Lee v Jones: CCP 1864

Jones had guaranteed to Lee payment of any balance due to them by their agent Packer. Jones sought to set aside the guarantee on ground of fraud by Lee. The fraud alleged was the failure of Lee to disclose that Packer had not properly accounted to Lee for sums due in respect of previous transactions. The judge had concluded that the allegation was not enough to justify seeking the verdict of a jury and had entered judgment for Lee. Jones appealed.
Held: The appeal succeeded. The facts relied on were enough to leave the issue of fraudulent concealment to the jury.
Blackburn J said: ‘a surety is in general a friend of the principal debtor, acting at his request, and not at that of the creditor; and, in ordinary cases, it may be assumed that the surety obtains from the principal all the information which he requires: and I think that great practical mischief would ensue if the creditor were by law required to disclose everything material known to him, as in a case of insurance. If it were so, no creditor could rely upon a contract of guarantee, unless he communicated to the proposed sureties everything relating to his dealings with the principal, to an extent which would in the ordinary course of things be so vexatious and annoying to the principal and his friends, the intended sureties, that such a rule of law would practically prohibit the obtaining of contracts of suretyship in matters of business. This is well pointed out by Lord Campbell in his judgment in Hamilton v Watson 12 Clark and Fin. 118. But I think, both on authority and on principle, that, when the creditor describes to the proposed sureties the transaction proposed to be guaranteed (as in general a creditor does), that description amounts to a representation, or at least is evidence of a representation, that there is nothing in the transaction that might not naturally be expected to take place between the parties to a transaction such as that described. And, if a representation to this effect is made to the intended surety by one who knows that there is something not naturally to be expected to take place between the parties to the transaction, and that this is unknown to the person to whom he makes the representation, and that, if it were known to him, he would not enter into the contract of suretyship, I think it is evidence of a fraudulent representation on his part.’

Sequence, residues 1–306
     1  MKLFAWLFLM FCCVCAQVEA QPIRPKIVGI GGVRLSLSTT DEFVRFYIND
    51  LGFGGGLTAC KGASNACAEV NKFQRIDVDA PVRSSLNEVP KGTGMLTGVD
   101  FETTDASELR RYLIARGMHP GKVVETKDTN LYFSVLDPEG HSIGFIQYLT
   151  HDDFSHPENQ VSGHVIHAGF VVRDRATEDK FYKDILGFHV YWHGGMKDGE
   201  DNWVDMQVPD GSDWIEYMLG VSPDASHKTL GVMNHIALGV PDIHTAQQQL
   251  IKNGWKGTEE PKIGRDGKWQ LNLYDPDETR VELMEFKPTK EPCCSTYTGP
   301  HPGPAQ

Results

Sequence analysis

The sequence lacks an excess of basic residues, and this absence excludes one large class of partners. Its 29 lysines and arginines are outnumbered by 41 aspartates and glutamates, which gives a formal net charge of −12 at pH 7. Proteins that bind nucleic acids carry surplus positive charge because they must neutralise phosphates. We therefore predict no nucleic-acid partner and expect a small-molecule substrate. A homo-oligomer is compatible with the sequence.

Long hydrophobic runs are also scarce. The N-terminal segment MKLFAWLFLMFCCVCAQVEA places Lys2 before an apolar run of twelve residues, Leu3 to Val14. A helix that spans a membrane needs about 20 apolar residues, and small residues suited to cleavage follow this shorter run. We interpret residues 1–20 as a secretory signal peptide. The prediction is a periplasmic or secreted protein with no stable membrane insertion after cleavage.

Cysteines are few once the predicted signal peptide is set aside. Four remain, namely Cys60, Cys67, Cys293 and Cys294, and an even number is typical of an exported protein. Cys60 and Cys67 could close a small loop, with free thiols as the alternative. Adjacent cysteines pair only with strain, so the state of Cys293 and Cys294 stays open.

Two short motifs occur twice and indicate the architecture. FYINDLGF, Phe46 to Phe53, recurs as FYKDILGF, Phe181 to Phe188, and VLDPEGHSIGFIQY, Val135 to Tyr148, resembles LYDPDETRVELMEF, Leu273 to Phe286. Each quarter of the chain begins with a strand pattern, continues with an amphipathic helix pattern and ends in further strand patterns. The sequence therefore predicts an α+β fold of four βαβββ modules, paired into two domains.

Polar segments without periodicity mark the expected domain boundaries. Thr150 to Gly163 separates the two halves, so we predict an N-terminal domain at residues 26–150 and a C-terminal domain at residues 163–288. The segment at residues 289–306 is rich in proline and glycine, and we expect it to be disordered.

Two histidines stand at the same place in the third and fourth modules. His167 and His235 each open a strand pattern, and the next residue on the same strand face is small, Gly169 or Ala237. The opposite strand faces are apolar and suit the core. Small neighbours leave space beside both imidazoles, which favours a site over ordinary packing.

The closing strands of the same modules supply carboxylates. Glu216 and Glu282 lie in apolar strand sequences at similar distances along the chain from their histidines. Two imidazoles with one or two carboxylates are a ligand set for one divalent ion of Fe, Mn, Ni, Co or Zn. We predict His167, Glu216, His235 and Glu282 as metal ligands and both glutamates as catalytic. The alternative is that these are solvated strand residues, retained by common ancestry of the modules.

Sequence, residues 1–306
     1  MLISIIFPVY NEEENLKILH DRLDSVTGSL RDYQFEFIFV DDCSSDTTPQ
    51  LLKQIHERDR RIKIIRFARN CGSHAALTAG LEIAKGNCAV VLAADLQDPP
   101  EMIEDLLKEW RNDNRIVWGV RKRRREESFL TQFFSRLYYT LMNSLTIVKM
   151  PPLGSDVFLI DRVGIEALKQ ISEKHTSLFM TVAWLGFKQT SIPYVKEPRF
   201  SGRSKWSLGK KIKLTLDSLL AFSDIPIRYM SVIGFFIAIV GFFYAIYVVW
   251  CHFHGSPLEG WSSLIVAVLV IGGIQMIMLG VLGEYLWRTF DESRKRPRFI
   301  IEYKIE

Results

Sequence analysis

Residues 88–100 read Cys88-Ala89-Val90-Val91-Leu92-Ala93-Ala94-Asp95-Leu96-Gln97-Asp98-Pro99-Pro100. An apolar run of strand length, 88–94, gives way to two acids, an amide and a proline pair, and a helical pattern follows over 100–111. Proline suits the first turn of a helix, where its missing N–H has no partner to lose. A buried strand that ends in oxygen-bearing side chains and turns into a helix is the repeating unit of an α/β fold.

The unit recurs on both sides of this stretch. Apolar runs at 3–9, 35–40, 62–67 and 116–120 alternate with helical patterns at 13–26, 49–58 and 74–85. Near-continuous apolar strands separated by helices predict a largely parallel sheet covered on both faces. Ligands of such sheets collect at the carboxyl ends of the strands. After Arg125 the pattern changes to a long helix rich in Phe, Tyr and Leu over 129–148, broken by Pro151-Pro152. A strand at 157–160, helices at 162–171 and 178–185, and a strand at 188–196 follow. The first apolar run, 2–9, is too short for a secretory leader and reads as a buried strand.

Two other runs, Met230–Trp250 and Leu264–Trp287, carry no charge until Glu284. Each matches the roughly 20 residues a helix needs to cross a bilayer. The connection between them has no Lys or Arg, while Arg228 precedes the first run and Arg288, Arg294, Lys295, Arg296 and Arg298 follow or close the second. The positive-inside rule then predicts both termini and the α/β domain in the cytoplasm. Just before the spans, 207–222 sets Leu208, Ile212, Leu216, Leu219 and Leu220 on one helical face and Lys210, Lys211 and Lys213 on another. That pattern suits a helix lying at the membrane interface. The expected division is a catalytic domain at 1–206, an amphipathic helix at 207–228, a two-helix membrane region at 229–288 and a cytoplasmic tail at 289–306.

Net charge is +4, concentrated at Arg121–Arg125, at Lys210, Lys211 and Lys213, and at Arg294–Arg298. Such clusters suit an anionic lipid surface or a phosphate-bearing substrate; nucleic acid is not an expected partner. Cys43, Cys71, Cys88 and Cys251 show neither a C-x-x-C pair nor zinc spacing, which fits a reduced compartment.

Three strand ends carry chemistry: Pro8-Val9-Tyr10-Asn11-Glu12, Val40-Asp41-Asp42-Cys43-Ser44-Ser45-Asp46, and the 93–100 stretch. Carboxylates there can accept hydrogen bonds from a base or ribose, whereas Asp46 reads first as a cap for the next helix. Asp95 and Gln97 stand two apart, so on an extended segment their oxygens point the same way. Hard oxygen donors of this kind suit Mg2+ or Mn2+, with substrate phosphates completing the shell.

(1864) 17 CBNS 482, [1864] EngR 23, 34 LJCP 131, 141 ER 194
England and Wales
Cited by:
CitedHIH Casualty and General Insurance Limited and others v Chase Manhattan Bank and others HL 20-Feb-2003
The insurance company had paid claims on policies used to underwrite the production of TV films. The re-insurers resisted the claims against them by the insurers on the grounds of non-disclosure by the insured, or in the alternative damages for . .

Lists of cited by and citing cases may be incomplete.
Updated: 10 October 2021; Ref: scu.219460